Dartmouth Housing plan rejected
At its Planning Committee meeting on Wednesday, the Town Council rejected the outline planning application by Millwood Homes to build 240 homes opposite the Sainsburys supermarket in Townstal. The meeting was attended by South Hams Council’s planning officer David Kenyon and affordable housing manager Lliam Reading who advised that the proposed low number of affordable homes constituted legal grounds to reject the scheme, and the committee voted unanimously to reject it — “The Town Council believes that on the basis of the information supplied 14% affordable housing is insufficient and a viability assessment on the affordable housing is required. The Town Council would also ask for clarification of how employment land
can be controlled, provided and landscaped. In the absence of this information the Town Council recommends refusal.”
The original scheme was adopted by the District Council and approved by the government to provide 405 homes, of which 66% (267) were to be affordable housing for the 600 families on our local housing waiting list. This was reduced to 55% (222) when national Housing Corporation funding was abolished by the present government. But Millwood Homes were unable to deliver this number of houses on the land that was for sale, and the District Council rejected making more land available on an adjacent departure site, or compulsory purchase building land they had adopted within their own Local Development Framework but was not for sale. Mr Kenyon confirmed that Millwood were advised at the outset to consult an affordable housing provider to build the affordable homes required in the council’s planning policy document but they declined the advice. As a result the affordable homes are to be delivered by section 106 agreement and critics say this was to maximize profits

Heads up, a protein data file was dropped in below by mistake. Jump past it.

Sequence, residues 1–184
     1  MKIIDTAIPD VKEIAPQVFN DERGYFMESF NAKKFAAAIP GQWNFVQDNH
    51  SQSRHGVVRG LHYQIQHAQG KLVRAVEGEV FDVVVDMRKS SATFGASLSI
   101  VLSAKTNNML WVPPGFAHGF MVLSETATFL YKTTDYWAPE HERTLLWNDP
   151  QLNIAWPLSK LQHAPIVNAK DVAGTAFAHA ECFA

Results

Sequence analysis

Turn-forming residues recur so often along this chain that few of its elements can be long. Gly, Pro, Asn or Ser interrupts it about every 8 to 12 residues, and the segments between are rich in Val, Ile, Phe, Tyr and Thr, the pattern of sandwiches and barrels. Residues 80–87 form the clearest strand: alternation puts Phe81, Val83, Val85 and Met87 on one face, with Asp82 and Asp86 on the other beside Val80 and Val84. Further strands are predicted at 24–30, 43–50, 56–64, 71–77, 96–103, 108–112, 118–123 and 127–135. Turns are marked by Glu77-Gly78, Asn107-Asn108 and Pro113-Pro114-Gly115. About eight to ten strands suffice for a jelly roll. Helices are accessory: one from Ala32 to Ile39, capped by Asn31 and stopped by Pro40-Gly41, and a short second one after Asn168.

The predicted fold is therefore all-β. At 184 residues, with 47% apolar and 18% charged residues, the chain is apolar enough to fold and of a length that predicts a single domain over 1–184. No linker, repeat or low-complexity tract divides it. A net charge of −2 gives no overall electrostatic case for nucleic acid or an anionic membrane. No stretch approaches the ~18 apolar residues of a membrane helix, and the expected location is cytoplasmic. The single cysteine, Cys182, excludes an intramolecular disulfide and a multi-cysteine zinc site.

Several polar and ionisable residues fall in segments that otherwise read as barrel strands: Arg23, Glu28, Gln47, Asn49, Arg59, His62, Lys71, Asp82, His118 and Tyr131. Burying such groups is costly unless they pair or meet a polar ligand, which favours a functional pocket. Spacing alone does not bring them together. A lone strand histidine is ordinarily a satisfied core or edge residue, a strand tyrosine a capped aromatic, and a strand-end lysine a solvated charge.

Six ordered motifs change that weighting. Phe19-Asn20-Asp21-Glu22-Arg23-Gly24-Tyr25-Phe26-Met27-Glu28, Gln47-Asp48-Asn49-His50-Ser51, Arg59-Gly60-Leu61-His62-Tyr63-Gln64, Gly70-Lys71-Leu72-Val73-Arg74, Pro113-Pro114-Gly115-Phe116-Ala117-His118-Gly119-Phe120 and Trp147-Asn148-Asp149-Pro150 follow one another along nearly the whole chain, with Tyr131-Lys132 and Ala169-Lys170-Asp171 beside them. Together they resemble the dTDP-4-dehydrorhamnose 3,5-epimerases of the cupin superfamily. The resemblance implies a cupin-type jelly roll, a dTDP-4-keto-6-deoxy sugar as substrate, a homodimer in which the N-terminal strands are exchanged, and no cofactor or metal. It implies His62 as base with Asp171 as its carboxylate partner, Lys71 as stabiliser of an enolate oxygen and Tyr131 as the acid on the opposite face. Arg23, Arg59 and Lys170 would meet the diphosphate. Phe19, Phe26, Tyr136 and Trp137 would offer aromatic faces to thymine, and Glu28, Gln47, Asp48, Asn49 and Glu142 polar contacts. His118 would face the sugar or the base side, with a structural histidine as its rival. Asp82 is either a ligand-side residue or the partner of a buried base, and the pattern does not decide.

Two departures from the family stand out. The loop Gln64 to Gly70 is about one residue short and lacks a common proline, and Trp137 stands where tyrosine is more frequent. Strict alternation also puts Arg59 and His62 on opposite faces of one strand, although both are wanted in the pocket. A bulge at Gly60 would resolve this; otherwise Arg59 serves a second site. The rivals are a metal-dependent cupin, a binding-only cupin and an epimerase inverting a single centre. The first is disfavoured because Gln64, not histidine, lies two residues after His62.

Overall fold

to the developer and the landowner.
Millwood’s final proposal is for a Phase I scheme reduced from 405 to 240 houses, and the affordable element reduced from 55% (222 homes) to 14% (33 homes) . No phase II scheme has been discussed and it is assumed it would never be built. As a result 33 affordable homes are all that would be built beyond 2026 and this proved unacceptable to the Town Council.
Several councillors made impassioned speeches describing the affordable houses as wholly inadequate, but when they advocated a specified larger number, Mr Kenyon advised their decision would be unsupported by the viability and affordable housing reports which he had promised a month ago but were still unavailable. And he advised against naming a figure which might not stand up to cross examination by a barrister if Millwood decide to appeal the decision.
The application now goes before the South Hams Council Development Control committee at Follaton House for a final decision. Since this will require the viability and affordable housing reports and can not be decided at their next meeting it is not clear if South Hams will be in default of its planning deadline and if the consequences could be serious.